MCNEAL vs. GMAC MORTGAGE, LLC, HOMECOMINGS FINANCIAL 11th Circuit| "Strip Off" Second Lien, GMAC's lien is voidable under section 506(d)


MCNEAL vs. GMAC MORTGAGE, LLC, HOMECOMINGS FINANCIAL 11th Circuit| “Strip Off” Second Lien, GMAC’s lien is voidable under section 506(d)

MCNEAL vs. GMAC MORTGAGE, LLC, HOMECOMINGS FINANCIAL 11th Circuit| “Strip Off” Second Lien, GMAC’s lien is voidable under section 506(d)

No. 11-11352
Non-Argument Calendar

D. C. Docket Nos. 1:10-cv-01612-TCB; 09-BKC-78173-PWB

In Re:



a GMAC company,

Appeal from the United States District Court
for the Northern District of Georgia
(May 11, 2012)
Before TJOFLAT, EDMONDSON, and CARNES, Circuit Judges.

Lorraine McNeal appeals the district court’s affirmance of the bankruptcy
court’s denial of McNeal’s “Motion to Determine the Secured Status of Claim.”
In her motion, McNeal sought to “strip off”1 a second priority lien on her home,
pursuant to 11 U.S.C. § 506(a) and (d). Reversible error has been shown; we
reverse and remand for additional proceedings.

McNeal filed a voluntary petition for bankruptcy under Chapter 7 of the
Bankruptcy Code. In her petition, McNeal reported that her home was subject to
two mortgage liens: a first priority lien in the amount of $176,413 held by HSBC
and a second priority lien in the amount of $44,444 held by Homecomings
Financial, LLC, a subsidiary of GMAC Mortgage, LLC (collectively, “GMAC”).

McNeal also reported that her home’s fair market value was $141,416. The parties
do not dispute these factual allegations.

McNeal then sought to “strip off” GMAC’s second priority lien, pursuant to
sections 506(a) and 506(d). McNeal contended that, because the senior lien
exceeded the home’s fair market value, GMAC’s junior lien was wholly unsecured
and, thus, void under section 506(d). The bankruptcy court denied the motion,
concluding that section 506(d) did not permit a Chapter 7 debtor to “strip off” a
wholly unsecured lien. The district court affirmed.

When the district court affirms the bankruptcy court’s order, we review only
the bankruptcy court’s decision on appeal. Educ. Credit Mgmt. Corp. v. Mosley,
494 F.3d 1320, 1324 (11th Cir. 2007). And we review the bankruptcy court’s
legal conclusions de novo. Hemar Ins. Corp. of Am. v. Cox, 338 F.3d 1238, 1241
(11th Cir. 2003).

That GMAC’s junior lien is both “allowed” under 11 U.S.C. § 502 and
wholly unsecured pursuant to section 506(a) is undisputed.2 To determine whether
such an allowed — but wholly unsecured — claim is voidable, we must then look to
section 506(d), which provides that “[t]o the extent that a lien secures a claim
against a debtor that is not an allowed secured claim, such lien is void.” See 11
U.S.C. § 506(d).

Several courts have determined that the United States Supreme Court’s
decision in Dewsnup v. Timm, 112 S. Ct. 773 (1992) — which concluded that a
Chapter 7 debtor could not “strip down” a partially secured lien under section
506(d) — also precludes a Chapter 7 debtor from “stripping off” a wholly
unsecured junior lien such as the lien at issue in this appeal. See, e.g., Ryan v.
Homecomings Fin. Network, 253 F.3d 778 (4th Cir. 2001); Talbert v. City Mortg.
Serv., 344 F.3d 555 (6th Cir. 2003); Laskin v. First Nat’l Bank of Keystone, 222
B.R. 872 (B.A.P. 9th Cir. 1998). But the present controlling precedent in the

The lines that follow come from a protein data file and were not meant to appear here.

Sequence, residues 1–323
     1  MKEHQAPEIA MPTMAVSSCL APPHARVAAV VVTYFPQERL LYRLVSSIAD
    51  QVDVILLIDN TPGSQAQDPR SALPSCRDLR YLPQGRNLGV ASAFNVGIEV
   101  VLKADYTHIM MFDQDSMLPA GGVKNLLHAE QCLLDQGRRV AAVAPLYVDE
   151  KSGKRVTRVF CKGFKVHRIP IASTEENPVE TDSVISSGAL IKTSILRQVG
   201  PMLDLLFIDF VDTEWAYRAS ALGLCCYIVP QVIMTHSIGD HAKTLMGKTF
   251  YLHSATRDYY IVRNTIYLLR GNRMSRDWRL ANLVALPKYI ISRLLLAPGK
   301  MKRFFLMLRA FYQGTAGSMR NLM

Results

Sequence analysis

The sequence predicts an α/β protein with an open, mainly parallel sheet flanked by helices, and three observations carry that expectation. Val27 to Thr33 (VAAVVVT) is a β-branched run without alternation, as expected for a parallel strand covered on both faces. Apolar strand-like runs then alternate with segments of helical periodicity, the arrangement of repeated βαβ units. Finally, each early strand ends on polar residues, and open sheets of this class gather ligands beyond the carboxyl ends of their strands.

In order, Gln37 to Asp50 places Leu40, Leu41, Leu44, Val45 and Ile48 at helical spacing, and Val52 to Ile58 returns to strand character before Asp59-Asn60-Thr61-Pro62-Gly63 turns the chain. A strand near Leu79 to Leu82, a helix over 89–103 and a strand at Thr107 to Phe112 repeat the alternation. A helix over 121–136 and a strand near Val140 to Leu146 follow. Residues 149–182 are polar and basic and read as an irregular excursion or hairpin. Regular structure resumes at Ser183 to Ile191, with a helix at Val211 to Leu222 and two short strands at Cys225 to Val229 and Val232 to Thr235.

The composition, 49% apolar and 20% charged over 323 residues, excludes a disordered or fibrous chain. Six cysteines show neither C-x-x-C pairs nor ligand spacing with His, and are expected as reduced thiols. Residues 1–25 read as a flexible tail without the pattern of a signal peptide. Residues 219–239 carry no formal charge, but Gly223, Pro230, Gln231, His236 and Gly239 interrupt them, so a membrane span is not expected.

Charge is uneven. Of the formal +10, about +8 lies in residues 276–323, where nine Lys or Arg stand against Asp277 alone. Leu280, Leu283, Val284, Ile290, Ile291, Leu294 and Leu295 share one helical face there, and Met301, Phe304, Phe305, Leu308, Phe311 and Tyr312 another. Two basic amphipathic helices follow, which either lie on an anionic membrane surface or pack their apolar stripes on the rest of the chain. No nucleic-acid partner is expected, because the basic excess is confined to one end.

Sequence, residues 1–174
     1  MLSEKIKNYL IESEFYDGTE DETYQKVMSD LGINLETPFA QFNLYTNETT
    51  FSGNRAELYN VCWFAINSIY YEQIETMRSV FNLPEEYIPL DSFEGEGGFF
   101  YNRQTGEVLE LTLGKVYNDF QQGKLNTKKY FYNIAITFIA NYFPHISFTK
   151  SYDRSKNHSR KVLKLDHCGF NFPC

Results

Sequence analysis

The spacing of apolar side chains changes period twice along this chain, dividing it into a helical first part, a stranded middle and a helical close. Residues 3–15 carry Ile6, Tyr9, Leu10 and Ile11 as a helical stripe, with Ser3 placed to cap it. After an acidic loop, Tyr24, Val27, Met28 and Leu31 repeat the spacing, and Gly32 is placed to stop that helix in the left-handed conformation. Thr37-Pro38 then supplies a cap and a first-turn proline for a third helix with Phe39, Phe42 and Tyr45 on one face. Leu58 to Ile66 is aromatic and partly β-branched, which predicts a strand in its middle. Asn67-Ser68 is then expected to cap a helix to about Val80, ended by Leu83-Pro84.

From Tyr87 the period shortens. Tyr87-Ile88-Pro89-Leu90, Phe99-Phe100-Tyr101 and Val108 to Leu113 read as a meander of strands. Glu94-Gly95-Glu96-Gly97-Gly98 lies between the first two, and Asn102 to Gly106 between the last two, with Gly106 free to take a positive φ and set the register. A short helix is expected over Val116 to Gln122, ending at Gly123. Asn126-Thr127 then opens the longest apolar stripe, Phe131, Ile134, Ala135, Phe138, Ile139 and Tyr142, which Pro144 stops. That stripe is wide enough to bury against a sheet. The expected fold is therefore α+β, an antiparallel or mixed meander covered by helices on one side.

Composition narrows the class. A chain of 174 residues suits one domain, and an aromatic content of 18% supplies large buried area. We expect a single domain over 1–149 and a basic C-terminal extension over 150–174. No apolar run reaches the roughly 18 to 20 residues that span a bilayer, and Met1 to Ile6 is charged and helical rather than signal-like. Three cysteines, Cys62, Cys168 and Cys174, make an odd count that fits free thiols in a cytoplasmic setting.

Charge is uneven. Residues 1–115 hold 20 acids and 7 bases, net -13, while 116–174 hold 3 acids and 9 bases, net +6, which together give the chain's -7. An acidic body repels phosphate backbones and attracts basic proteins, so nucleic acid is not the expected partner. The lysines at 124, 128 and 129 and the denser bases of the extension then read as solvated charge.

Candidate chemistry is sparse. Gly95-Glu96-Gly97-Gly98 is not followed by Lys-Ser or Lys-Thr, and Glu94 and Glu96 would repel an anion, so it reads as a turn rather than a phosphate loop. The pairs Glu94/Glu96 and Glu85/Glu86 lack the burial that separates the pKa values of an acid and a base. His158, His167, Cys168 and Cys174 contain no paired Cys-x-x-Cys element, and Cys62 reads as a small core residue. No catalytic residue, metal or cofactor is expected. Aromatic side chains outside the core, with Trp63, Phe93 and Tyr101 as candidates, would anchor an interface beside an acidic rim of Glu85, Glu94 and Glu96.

Eleventh Circuit remains our decision in Folendore v. United States Small Bus.
Admin., 862 F.2d 1537 (11th Cir. 1989). In Folendore, we concluded that an
allowed claim that was wholly unsecured — just as GMAC’s claim is here — was
voidable under the plain language of section 506(d).3 862 F.2d at 1538-39.

A few bankruptcy court decisions within our circuit — including the
decision underlying this appeal — have treated Folendore as abrogated by
Dewsnup. See, e.g., In re McNeal, No. A09-78173, 2010 Bankr. LEXIS 1350, at
*9-12 (Bankr. N.D. Ga. Apr. 9, 2010); In re Swafford, 160 B.R. 246, 249 (Bankr.
N.D. Ga. 1993); In re Windham, 136 B.R. 878, 882 n.6 (Bankr. M.D. Fla. 1992).
But Folendore — not Dewsnup — controls in this case.

“Under our prior panel precedent rule, a later panel may depart from an
earlier panel’s decision only when the intervening Supreme Court decision is
‘clearly on point.’” Atl. Sounding Co., Inc. v. Townsend, 496 F.3d 1282, 1284
(11th Cir. 2007). Because Dewsnup disallowed only a “strip down” of a partially
secured mortgage lien and did not address a “strip off” of a wholly unsecured lien,
it is not “clearly on point” with the facts in Folendore or with the facts at issue in
this appeal.

Although the Supreme Court’s reasoning in Dewsnup seems to reject the
plain language analysis that we used in Folendore, “‘[t]here is, of course, an
important difference between the holding in a case and the reasoning that supports
that holding.’” Atl. Sounding Co., Inc., 496 F.3d at 1284 (citing Crawford-El v.
Britton, 118 S. Ct. 1584, 1590 (1998)). “[T]hat the reasoning of an intervening
high court decision is at odds with that of our prior decision is no basis for a panel
to depart from our prior decision.” Id. “As we have stated, ‘[o]bedience to a
Supreme Court decision is one thing, extrapolating from its implications a holding
on an issue that was not before that Court in order to upend settled circuit law is
another thing.” Id. In fact, the Supreme Court — noting the ambiguities in the
bankruptcy code and the “the difficulty of interpreting the statute in a single
opinion that would apply to all possible fact situations” — limited its Dewsnup
decision expressly to the precise issue raised by the facts of the case. 112 S. Ct. at

Because — under Folendore — GMAC’s lien is voidable under section
506(d), we reverse and remand for additional proceedings consistent with this


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